5 Things You Need to Know About Medical Malpractice Law
A study by Johns Hopkins found that medical errors cause up to 250,000 deaths per year in the US, making medical malpractice the third-leading cause of death nationwide.
In other words, malpractice is prevalent, and it affects a huge number of patients across the country. While everyone hopes they’ll never have to deal with this type of lawsuit, it’s a good idea to know some fundamental things about medical malpractice law, just in case.
1. Medical Malpractice Law Differs By State
Every state has its own specific laws, procedures, and standards pertaining to medical malpractice. As a result, it’s important to make sure you have a medical malpractice attorney who’s experienced with your state’s legal structure.
In general, however, medical malpractice law is designed to help patients hurt by substandard medical care.
2. Negligence Can Be a Component of Medical Malpractice Law
Many people don’t realize that medical negligence isn’t a separate legal area; instead, it’s under the umbrella of medical malpractice law. Medical negligence happens when a patient receives an injury due to a doctor’s neglect or ignorance rather than a medical accident.
3. What Must Be Proven in a Successful Medical Malpractice Case
The burden of proof is on the plaintiff, in this case the injured patient. If your medical malpractice case is going to be successful, there are three things you’ll need to prove, and a specialist can help you do so.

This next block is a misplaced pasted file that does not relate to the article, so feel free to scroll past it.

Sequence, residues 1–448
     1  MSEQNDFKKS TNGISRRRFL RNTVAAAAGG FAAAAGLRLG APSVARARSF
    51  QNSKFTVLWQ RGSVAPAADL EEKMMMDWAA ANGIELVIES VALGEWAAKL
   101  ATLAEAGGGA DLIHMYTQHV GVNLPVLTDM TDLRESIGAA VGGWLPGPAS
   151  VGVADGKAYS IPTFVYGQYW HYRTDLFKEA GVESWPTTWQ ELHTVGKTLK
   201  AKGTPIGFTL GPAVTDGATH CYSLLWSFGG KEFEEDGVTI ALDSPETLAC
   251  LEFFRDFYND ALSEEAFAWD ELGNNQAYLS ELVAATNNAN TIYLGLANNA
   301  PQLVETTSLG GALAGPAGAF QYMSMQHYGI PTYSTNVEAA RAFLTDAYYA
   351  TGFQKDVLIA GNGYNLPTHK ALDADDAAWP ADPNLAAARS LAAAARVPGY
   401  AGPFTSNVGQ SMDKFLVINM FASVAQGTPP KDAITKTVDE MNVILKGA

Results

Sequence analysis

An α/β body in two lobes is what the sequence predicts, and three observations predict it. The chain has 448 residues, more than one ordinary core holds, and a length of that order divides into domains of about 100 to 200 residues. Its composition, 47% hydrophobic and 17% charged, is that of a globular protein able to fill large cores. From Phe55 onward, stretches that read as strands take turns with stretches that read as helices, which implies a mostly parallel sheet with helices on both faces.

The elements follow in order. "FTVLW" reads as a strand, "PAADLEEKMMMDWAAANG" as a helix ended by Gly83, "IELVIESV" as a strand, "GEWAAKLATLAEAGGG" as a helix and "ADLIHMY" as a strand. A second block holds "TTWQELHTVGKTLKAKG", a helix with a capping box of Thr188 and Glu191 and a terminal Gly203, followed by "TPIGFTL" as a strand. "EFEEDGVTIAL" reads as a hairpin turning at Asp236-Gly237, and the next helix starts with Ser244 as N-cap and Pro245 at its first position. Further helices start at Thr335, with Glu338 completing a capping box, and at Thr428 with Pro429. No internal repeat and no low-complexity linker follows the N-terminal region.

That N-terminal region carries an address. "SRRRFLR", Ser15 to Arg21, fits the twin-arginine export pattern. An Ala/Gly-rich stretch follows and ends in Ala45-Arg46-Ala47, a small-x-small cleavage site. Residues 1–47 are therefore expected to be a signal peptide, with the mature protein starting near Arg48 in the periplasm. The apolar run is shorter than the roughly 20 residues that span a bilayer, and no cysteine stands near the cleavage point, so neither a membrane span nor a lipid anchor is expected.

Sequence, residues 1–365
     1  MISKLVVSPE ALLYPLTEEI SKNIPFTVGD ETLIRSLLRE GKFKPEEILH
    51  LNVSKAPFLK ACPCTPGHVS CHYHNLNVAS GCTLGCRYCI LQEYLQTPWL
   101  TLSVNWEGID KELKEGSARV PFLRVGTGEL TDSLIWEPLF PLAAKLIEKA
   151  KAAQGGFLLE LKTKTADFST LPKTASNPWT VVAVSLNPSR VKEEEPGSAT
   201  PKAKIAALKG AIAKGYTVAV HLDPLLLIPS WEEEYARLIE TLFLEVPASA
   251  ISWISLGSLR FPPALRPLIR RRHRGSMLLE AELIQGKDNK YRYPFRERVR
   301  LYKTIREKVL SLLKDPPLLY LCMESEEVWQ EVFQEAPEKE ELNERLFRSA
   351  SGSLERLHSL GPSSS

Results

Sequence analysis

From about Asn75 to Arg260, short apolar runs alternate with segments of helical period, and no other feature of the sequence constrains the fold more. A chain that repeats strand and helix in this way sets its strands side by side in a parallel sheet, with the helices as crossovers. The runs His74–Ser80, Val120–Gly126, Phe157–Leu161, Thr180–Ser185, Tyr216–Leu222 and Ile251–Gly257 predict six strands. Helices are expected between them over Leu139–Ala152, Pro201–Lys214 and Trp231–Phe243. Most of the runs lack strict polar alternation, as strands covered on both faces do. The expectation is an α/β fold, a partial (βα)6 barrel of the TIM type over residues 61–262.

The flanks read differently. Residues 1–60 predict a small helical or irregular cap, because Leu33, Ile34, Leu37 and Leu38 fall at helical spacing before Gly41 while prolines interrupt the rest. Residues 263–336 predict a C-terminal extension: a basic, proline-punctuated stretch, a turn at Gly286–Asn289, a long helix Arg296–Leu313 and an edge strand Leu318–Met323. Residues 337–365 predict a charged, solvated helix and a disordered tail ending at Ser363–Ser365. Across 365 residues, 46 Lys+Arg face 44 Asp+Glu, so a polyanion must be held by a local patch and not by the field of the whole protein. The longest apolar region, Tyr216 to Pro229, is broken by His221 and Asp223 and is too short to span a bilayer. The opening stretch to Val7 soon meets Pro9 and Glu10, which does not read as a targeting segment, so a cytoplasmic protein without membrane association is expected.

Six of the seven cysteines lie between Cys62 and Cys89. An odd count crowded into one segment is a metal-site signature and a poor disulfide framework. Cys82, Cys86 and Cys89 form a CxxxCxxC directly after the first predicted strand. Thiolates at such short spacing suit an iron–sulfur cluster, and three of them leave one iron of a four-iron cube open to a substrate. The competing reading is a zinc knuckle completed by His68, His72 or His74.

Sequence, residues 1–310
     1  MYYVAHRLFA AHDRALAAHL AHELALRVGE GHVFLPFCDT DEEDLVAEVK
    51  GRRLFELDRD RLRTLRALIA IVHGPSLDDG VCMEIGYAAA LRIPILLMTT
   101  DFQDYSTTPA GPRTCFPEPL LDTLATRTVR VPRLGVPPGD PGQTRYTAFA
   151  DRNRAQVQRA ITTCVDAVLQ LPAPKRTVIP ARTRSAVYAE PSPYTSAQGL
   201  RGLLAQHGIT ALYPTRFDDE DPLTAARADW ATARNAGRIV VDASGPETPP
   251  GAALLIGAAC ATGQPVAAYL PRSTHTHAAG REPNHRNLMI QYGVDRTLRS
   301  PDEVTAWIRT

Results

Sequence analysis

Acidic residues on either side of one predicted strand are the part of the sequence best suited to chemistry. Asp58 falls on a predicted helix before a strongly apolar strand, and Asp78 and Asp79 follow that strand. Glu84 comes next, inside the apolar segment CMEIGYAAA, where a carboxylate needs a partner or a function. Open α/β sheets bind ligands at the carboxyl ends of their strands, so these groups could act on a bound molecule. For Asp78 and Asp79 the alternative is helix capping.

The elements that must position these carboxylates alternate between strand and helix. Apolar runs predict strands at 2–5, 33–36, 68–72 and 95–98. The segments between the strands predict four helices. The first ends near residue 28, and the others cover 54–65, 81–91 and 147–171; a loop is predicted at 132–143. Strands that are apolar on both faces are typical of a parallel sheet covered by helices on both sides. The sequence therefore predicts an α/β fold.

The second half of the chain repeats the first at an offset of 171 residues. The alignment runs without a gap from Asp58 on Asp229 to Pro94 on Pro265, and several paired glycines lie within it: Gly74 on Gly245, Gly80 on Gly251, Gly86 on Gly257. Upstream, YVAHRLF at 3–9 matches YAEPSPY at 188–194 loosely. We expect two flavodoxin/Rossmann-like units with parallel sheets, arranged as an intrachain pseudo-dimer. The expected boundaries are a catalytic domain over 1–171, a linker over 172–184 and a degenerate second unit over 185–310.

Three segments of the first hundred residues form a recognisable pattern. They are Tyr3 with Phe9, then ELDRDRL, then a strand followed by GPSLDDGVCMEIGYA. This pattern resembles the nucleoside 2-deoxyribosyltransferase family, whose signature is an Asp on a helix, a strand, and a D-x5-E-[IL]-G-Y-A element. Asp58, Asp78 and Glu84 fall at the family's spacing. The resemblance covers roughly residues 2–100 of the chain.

First, your medical malpractice lawyer will show that a healthcare professional provided substandard medical care while showing what another professional would have done instead. This usually means getting a third-party expert witness to testify.
Next, they’ll explain the injury—emotional or physical.
Finally, you’ll need to provide evidence that the medical professional in question actually caused the injury.
4. Medical Malpractice Cases Can Take Months or Years to Resolve
There’s no way to determine how long your case will take. Some cases will take just a few months to be resolved, while others can take two years or more.
As a result, you will likely need to continue paying your medical fees out of pocket for some time until a successful outcome in your case allows you to reimburse yourself. However, you usually don’t have to pay any legal fees up front, as the legal firm you work with will only take a payment if you win.
5. There Is a Statute of Limitations on Medical Malpractice Cases
After your injury, you’ll need to bring your case quickly—between a few months and two years, depending on your state. If you don’t file within this time, you will be unable to submit a claim even with a strong case. This is why it’s critical to speak to an attorney as soon as the malpractice is discovered.
Get the Help You Need
When it comes to medical malpractice law, it pays—sometimes literally—not do it alone. In the wake of your injury, an expert can help you navigate the confusing world of malpractice law to find a successful outcome. If you’re ever in this unfortunate situation, talk to a lawyer as soon as possible!
Looking for more of the legal tips you should know? Our other posts are full of the helpful guides you need, so check them out to learn more.